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  • Vintages Past January 17, 2012

    Author: Beach Combing | in : Ancient, Modern
    Vintages Past

    There is a beautiful scene in the junky teen fantasy Highlander (1986) where Connor (the decapitator) opens a bottle of eighteenth-century brandy in late twentieth century New York. ‘1783’  states our hero ‘was a very good year. Mozart wrote his Great Mass. The Montgolfier brothers went up in the first hot-air balloon. And England recognized […]

    Israel Saved by the Soviets in 1973? January 13, 2012

    Author: Beach Combing | in : Contemporary
    Israel Saved by the Soviets in 1973?

    In 1948, 1967 and 1973 Israel fought wars that could conceivably have seen the destruction not only of the Israeli state but also of the Jewish community in Palestine. None of these wars came closer to Arab success than the last, the Yom Kippur war. Egypt and Syria (with Iraqi backing) managed to achieve almost […]

    Plotinus Meets a God January 8, 2012

    Author: Beach Combing | in : Ancient
    Plotinus Meets a God

    A WIBT (Wish I’d been there) moment from later antiquity, brought to mind, in part by stories at the end of 2011 about Socrate’s daemon. The subject is Plotinus, a follower of Plato and the thinker who offered the ancient Mediterranean a ‘sensible’ alternative to Christianity: neo-platonism. Plotinus, as all Platonists, had mixed feelings about […]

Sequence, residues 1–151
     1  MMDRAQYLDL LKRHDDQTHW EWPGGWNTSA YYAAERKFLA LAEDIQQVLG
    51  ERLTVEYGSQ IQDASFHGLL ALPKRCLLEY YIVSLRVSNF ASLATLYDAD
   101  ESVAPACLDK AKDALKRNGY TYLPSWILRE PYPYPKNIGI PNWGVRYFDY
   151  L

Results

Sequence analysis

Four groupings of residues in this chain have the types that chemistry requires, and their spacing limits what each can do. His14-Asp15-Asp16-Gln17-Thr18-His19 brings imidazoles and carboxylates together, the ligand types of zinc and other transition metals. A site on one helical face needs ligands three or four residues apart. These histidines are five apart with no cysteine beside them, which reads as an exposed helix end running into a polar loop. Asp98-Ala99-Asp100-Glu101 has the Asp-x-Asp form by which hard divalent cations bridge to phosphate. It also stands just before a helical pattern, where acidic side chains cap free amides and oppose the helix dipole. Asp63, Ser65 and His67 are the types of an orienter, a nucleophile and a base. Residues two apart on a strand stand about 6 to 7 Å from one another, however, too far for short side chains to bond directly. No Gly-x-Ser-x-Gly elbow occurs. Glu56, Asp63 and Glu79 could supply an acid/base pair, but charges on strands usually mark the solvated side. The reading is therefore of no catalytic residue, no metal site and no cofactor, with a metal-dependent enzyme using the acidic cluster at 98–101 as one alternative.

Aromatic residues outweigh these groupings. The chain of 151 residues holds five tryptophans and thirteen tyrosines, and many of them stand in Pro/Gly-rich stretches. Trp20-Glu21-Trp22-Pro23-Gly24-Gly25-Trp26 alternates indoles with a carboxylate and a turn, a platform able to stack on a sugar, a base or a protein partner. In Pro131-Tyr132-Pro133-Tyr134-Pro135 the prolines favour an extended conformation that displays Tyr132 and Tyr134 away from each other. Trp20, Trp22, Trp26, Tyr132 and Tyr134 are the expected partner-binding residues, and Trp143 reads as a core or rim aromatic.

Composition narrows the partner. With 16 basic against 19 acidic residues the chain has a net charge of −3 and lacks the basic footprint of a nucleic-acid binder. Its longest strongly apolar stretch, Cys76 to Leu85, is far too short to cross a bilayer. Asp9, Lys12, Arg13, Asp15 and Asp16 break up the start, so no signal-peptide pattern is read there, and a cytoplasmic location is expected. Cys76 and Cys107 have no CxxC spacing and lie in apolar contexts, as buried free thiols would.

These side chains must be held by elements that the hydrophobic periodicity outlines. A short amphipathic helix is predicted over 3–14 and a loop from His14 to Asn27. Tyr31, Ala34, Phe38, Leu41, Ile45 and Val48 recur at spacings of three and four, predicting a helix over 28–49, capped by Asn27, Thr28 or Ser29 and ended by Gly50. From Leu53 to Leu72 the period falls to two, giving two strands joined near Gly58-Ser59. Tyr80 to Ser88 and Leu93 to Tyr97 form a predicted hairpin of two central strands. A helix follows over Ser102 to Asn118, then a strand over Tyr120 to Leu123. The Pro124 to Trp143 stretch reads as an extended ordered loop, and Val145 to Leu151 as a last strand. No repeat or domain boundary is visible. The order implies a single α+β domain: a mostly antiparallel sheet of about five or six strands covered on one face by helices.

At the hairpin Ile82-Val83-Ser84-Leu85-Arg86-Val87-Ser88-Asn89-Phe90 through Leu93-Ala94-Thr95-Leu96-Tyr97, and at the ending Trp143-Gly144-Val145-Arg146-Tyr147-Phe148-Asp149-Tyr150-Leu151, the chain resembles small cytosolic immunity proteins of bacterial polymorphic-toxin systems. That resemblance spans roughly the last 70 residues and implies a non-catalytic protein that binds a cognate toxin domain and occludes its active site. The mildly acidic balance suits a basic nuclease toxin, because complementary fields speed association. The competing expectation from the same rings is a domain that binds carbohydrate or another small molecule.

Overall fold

Cocaine, Nicotine and Ancient Egypt October 24, 2011

    Author: Beach Combing | in : Ancient
    Cocaine, Nicotine and Ancient Egypt

    As regular readers of this column will attest Beachcombing is your typical small-minded historian. He doesn’t much like novelty and if there is a controversy he will float effortlessly into the orthodox camp. But with the argument over cocaine use in the ancient world he risks, however briefly, going the other way: if only to […]

    From the Mahogany Ship to Mons Badonicus: An Archaeological Fantasia October 17, 2011

    Author: Beach Combing | in : Ancient, Contemporary, Medieval, Modern
    From the Mahogany Ship to Mons Badonicus: An Archaeological Fantasia

    Inspired by thoughts of Nag Hammadi, Howard Carter and Leslie Alcock at Cadbury Beachcombing spent an  evening wondering about archaeological fantasias, discoveries that he hopes will be made before he  himself becomes an archaeological subject and is put into the ground. Boudica’s grave. Boudica was, of course, the queen of the Iceni who gave Nero […]

    Hearts, Genies and Gnosticism at Nag Hammadi October 14, 2011

    Author: Beach Combing | in : Ancient, Contemporary
    Hearts, Genies and Gnosticism at Nag Hammadi

    Howard Carter whispering ‘wonderful things’, Leslie Alcock finding Dark Age timber at Cadbury (‘that was Camelot’), Bedouin shepherds investigating a complex of caves at the Dead Sea… All wonderful, of course. But for Beachcombing none of these quite match the thrill of the discovery at Nag Hammadi in 1945. In that year, possibly in December, […]

    Tute’s Glass Ball September 27, 2011

    Author: Beach Combing | in : Ancient
    Tute's Glass Ball

    Beach is in a meteor mood again and has been flicking back through his notes to some particularly interesting cases that Andy the Mad Monk sent him last year. Andy, in fact, provided a series of remarkable examples but Beach’s favourite is probably this curious case from ancient Egypt. In the picture above we see […]

    Perpetua’s Death Dream July 19, 2011

    Author: Beach Combing | in : Ancient
    Perpetua's Death Dream